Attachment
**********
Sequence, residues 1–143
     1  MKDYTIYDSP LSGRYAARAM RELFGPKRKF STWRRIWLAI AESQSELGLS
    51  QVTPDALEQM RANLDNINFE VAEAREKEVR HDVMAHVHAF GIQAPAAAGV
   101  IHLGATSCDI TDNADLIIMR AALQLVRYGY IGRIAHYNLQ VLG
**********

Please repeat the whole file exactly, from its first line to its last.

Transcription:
Sequence, residues 1–143
     1  MKDYTIYDSP LSGRYAARAM RELFGPKRKF STWRRIWLAI AESQSELGLS
    51  QVTPDALEQM RANLDNINFE VAEAREKEVR HDVMAHVHAF GIQAPAAAGV
   101  IHLGATSCDI TDNADLIIMR AALQLVRYGY IGRIAHYNLQ VLG